Large scale sequencing studies have expanded our understanding of renal cell carcinomas; identifying new information of the genomic landscape across different renal cell carcinoma subtypes. As research in this field unfolds, discoveries from these studies have had significant impact in not only identifying diagnostic molecular alteration, but also prognostic subcategories and therapeutically targetable genomic alterations. This talk will review the emerging genomic landscape of renal cell carcinomas, provide an overview of an integrative approach to molecular subtyping of this subset of tumors and the challenges and limitations of this approach, and address the role of a multi-omics approach in precision medicine for renal cancers.

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Who’s WHO in the new WHO Classification of Urologic Cancer? by Mahul Amin, MD
Number of Credits: 1.0

This lecture will focus on the updates and new classifications relating to the WHO 2016 (4th edition) in Genitourinary tumors. The revised classifications have been implemented to better predict prognosis and treatment strategies for patients with various genitourinary tumors. The lecture will also introduce novel molecular profiling of tumors that relate to specific histologic tumor types.

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Doctor of Clinical Laboratory Science (DCLS): Contributing Quality and Value in Clinical Laboratory Services Delivery by Nadine A. Fydryszewski, PhD, MS, MLS(ASCP)CM and Brandy Gunsolus, DCLS, MLS(ASCP)CM
Number of Credits: 1.0

The Doctor of Clinical Laboratory Science (DCLS) is an advanced practice healthcare practitioner dedicated to increasing the value of diagnostics through consultation as members of interprofessional healthcare teams and conducting research focused on evidence of the impact of diagnostics on healthcare outcomes. As a member of interprofessional healthcare teams, the DCLS contributes by providing consultation to assure quality & value improvement in utilization and delivery of laboratory services. Consultation occurs in a variety of setting as described in the Diagnostics Consultation Model©. Case examples will demonstrate the value of the DCLS consult to quality patient care, safety, laboratory utilization and cost outcomes.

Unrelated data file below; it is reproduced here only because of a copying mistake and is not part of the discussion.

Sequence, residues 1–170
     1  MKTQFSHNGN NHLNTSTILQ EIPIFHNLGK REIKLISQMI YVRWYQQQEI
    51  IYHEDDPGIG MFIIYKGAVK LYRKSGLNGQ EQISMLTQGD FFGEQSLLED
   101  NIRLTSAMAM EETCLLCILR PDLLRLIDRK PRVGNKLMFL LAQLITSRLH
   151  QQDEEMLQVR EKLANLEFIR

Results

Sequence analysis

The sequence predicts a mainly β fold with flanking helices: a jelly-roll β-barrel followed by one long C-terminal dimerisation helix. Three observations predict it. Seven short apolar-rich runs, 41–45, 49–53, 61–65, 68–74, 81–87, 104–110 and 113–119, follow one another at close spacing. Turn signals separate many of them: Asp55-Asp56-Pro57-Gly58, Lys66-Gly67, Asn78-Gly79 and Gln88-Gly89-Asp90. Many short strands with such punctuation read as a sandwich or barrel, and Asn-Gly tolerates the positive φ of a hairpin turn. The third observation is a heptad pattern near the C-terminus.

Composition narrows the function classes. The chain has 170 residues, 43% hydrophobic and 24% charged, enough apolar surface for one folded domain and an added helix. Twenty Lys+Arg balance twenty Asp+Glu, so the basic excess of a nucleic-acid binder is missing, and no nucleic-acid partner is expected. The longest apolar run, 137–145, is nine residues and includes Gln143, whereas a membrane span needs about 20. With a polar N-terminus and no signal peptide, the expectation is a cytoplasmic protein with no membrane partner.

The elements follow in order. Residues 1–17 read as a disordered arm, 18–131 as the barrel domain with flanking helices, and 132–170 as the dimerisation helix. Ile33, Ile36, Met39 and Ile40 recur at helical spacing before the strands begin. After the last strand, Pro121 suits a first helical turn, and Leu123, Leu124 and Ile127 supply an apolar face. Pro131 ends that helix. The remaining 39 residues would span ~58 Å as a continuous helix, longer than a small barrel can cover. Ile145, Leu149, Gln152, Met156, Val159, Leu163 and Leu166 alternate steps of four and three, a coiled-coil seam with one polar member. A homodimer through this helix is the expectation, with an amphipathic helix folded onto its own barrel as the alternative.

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Lab & Pharmacy: Turning Daily Interaction into a Partnership by Danielle C. Kauffman, PharmD, MBA
Number of Credits: CME: 0.75 PACE: 0.5

Lab and pharmacy interact on a daily basis, whether intentionally or incidentally. Identifying these areas is a starting point for a more collaborative partnership in patient care activities. There are also many benefits to each department and the hospital overall. In addition, emerging, high profile initiatives depend heavily upon teamwork and leadership from both lab and pharmacy for success.

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Resolution of ABO Discrepancies by Justin R. Rhees, MS, MLS(ASCP)CM, SBBCM
Number of Credits: 1.0

It is crucial to correctly identify ABO discrepancies. All ABO discrepancies must be investigated and the underlying cause identified before a patient or donor’s correct blood type can be resulted.

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Case Studies in Lab Acquisitions—The Impact on Clinical and Lab Operations by Brian R. Jackson, MD, MS; Ladonna Bradley, MT(ASCP); and Steven Serota
Number of Credits: 1.0

This panel discussion will cover some different outsourcing arrangements offered by commercial laboratories, focusing specifically on the impacts to laboratory personnel, clinician satisfaction, and patient care.

This video lecture is part three of a three-part series entitled "Don't Sell Your Lab Short."